## Potpourri

==> My interview with Titus Gebel on his proposal for free private cities.

==> Carlos and I discuss the 2017 tax reform’s impact on charitable giving.

==> This YouTube video using “optimal stopping theory” to guide you in dating wasn’t what I was expecting. In the search models we studied in grad school, you would decide on your reservation wage and keep going on interviews until you got an offer at least that high. In contrast, the video describes a strategy where you *don’t *pick a reservation level of desirability in your partner, but instead decide on how much time you will sample, and then you switch to saying, “Now, from this point forward, I will marry the person who is the best I’ve yet dated.”

Disclaimer: I haven’t watched the video.

But isn’t there a practical problem with saying “From this point forward, I will marry the person who is the best I’ve dated?” Mainly, that most people you date won’t let you date other people, and are quite unlikely to take you back if you break up with them and try to reconcile later?

If you aren’t a plate-juggling Chad, you can’t date 10 women at once and pick the best (unless you’re on The Bachelor). Instead, you have to date one woman at a time, sequentially. So say you date 10, in a row, and after you break up with the 10th, you look back and decide the 3rd one you dated was the best, so you should marry her. The odds of her going along with this (assuming she hasn’t already moved on to someone else, which, if she’s the best you dated, seems unlikely in and of itself) are quite low. And if you dare to be honest with her about how/why you came to this decision, practically zero…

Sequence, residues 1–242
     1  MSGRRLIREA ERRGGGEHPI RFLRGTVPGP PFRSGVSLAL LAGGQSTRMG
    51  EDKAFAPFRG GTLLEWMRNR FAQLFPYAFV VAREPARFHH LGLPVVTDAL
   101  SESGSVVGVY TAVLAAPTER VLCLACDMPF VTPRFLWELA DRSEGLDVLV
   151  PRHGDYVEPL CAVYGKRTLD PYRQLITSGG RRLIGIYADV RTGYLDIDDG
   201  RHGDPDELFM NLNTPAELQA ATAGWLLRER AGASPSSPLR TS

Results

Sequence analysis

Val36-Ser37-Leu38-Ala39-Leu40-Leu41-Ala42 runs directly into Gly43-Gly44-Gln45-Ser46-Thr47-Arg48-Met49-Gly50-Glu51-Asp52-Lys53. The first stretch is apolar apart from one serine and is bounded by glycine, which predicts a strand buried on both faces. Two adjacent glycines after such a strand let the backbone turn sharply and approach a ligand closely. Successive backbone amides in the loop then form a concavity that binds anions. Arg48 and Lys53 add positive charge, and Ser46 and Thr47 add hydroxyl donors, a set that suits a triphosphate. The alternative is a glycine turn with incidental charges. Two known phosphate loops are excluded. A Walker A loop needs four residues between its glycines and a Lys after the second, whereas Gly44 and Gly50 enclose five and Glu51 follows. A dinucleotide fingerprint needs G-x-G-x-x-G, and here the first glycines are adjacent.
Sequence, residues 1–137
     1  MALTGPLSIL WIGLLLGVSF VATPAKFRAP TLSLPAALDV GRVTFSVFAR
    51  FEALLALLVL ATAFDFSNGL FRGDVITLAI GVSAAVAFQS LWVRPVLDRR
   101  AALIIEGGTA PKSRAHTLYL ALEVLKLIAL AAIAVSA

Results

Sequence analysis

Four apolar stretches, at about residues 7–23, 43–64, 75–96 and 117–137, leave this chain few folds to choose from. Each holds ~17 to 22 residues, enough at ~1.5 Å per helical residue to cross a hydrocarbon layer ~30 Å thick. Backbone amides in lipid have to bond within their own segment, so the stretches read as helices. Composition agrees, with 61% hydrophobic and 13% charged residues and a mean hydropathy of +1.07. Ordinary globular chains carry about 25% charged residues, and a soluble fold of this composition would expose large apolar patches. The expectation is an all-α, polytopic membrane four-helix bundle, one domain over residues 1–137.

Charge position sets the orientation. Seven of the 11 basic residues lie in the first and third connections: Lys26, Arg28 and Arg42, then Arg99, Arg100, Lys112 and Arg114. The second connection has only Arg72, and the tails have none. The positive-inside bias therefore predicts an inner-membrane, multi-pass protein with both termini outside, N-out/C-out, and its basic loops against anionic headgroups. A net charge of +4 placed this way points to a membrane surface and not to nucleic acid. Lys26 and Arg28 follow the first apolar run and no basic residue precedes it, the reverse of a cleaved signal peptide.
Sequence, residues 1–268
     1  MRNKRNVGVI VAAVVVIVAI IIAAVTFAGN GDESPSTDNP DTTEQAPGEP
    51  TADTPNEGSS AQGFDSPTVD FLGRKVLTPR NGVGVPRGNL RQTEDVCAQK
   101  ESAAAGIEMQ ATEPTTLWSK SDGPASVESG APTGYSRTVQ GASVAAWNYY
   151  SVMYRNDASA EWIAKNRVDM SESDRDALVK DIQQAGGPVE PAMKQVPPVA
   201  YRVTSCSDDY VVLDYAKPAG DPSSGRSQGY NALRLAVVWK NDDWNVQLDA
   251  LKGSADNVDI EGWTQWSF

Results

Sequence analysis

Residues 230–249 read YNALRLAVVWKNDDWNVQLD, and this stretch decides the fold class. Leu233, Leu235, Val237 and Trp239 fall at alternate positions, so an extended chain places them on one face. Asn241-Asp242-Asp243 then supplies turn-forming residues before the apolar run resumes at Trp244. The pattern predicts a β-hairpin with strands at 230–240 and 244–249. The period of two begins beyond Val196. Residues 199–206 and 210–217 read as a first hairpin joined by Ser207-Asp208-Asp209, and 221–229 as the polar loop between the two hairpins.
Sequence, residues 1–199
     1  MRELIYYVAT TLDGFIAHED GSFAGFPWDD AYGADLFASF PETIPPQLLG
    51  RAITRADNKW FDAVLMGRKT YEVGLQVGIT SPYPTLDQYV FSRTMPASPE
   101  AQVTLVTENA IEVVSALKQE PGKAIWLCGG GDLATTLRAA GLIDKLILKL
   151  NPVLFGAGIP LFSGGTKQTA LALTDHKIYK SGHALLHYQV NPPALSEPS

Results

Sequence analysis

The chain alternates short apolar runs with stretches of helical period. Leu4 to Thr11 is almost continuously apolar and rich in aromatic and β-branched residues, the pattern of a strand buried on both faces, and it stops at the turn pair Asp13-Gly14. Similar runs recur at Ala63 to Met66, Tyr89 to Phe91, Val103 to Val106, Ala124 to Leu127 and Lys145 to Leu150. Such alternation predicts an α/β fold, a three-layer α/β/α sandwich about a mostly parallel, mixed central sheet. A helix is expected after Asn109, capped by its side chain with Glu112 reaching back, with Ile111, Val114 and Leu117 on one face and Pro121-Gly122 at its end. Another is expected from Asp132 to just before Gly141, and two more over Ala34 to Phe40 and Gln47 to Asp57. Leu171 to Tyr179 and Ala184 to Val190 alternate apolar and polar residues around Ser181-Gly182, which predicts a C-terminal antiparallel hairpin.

You’re misunderstanding the rule, Matt. You never go back to someone.

What you do is date (say) 10 people over the course of your first 5 years dating. Then, starting in year 6, you keep going on dates and if the person isn’t the best you’ve ever dated, you move on. Once you find someone who is better than anyone you ever dated during the first 5 years, you propose.

While I love this one simple rule. It reminded me of this explanation of it which also includes an overall chart.

http://datagenetics.com/blog/december32012/index.html

How much would you regret missing out or having to compromise later in life? Maybe you would be ‘optimal’ when weighted for different scenarios to only reject for the first 20%.

Or maybe you don’t believe you can really KNOW who is optimal. Swallow humility and be content for anything in the top 10%. Maybe that means you should only reject the first 15%?

Or maybe you don’t need to date people to get a feeling for people’s character, maybe your calibration by which you’re judging what is optimal in the first place means you already know what kinda people are out there and you just settle for the first who is good enough. I think that makes perfect sense.

I have a lot of questions but only two of them are not variations of “Who would do such a thing?”:

(1) If you pre-commit to dating some number of people before switching to the “marry the best person” strategy, and the last person you date before switching strategies is the best person you’ve dated so far, should you just marry that person or follow through with your pre-commitment and dump that person to look for someone even better?

(2) Can you and should you ever tell any of the people you are dating, either before or after you switch strategies and/or get married, about your plan?

Andrew,